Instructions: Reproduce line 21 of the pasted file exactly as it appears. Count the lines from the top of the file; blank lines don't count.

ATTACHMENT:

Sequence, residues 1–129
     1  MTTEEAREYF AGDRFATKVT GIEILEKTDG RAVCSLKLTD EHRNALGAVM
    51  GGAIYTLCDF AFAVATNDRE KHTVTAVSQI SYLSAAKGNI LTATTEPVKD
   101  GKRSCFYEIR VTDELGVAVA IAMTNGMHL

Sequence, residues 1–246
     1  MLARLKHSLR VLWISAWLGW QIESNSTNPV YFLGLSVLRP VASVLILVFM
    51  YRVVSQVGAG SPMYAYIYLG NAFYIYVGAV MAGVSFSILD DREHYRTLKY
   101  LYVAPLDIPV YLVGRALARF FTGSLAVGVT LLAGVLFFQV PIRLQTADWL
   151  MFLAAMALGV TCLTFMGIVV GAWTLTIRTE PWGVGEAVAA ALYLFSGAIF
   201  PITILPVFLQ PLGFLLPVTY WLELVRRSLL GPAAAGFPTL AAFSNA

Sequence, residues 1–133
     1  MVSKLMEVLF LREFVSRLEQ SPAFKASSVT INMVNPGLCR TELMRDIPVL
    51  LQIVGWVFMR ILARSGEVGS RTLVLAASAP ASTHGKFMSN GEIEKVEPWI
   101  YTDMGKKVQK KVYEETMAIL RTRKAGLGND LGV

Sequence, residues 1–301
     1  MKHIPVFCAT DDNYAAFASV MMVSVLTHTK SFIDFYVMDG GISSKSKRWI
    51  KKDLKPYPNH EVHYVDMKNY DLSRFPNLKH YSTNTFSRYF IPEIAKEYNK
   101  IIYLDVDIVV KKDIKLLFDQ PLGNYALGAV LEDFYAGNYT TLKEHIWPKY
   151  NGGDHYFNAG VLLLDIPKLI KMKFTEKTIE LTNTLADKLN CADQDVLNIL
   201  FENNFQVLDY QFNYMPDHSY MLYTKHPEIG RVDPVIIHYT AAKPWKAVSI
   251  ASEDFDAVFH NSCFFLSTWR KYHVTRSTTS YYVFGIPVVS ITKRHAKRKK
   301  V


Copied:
   251  ASEDFDAVFH NSCFFLSTWR KYHVTRSTTS YYVFGIPVVS ITKRHAKRKK